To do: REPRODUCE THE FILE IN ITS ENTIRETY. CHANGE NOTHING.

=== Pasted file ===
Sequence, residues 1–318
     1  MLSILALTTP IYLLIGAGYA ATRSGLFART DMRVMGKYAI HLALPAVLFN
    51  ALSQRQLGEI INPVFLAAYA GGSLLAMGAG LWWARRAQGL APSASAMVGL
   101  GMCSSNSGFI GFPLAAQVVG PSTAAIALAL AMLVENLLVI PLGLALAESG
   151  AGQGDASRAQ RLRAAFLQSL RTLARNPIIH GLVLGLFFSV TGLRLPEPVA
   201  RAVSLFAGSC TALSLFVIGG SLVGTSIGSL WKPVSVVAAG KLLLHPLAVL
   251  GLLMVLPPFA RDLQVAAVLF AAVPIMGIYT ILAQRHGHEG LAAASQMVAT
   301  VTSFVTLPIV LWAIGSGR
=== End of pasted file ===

Sequence, residues 1–318
     1  MLSILALTTP IYLLIGAGYA ATRSGLFART DMRVMGKYAI HLALPAVLFN
    51  ALSQRQLGEI INPVFLAAYA GGSLLAMGAG LWWARRAQGL APSASAMVGL
   101  GMCSSNSGFI GFPLAAQVVG PSTAAIALAL AMLVENLLVI PLGLALAESG
   151  AGQGDASRAQ RLRAAFLQSL RTLARNPIIH GLVLGLFFSV TGLRLPEPVA
   201  RAVSLFAGSC TALSLFVIGG SLVGTSIGSL WKPVSVVAAG KLLLHPLAVL
   251  GLLMVLPPFA RDLQVAAVLF AAVPIMGIYT ILAQRHGHEG LAAASQMVAT
   301  VTSFVTLPIV LWAIGSGR